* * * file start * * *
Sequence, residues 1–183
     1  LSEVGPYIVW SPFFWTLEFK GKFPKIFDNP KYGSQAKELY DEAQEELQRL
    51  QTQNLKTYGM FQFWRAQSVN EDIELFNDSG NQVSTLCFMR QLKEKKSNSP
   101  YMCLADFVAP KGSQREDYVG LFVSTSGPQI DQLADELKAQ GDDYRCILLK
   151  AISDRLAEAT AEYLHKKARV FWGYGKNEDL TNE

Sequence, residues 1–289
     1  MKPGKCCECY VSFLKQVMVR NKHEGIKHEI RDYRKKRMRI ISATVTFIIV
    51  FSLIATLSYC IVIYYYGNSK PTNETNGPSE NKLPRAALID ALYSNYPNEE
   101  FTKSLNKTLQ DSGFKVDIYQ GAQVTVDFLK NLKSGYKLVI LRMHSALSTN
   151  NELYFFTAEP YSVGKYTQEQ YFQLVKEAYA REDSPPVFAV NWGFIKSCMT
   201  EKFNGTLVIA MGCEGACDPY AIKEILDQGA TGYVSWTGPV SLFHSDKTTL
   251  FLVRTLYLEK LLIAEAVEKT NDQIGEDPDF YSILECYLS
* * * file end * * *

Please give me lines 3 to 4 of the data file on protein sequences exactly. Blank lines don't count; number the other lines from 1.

    51  QTQNLKTYGM FQFWRAQSVN EDIELFNDSG NQVSTLCFMR QLKEKKSNSP
   101  YMCLADFVAP KGSQREDYVG LFVSTSGPQI DQLADELKAQ GDDYRCILLK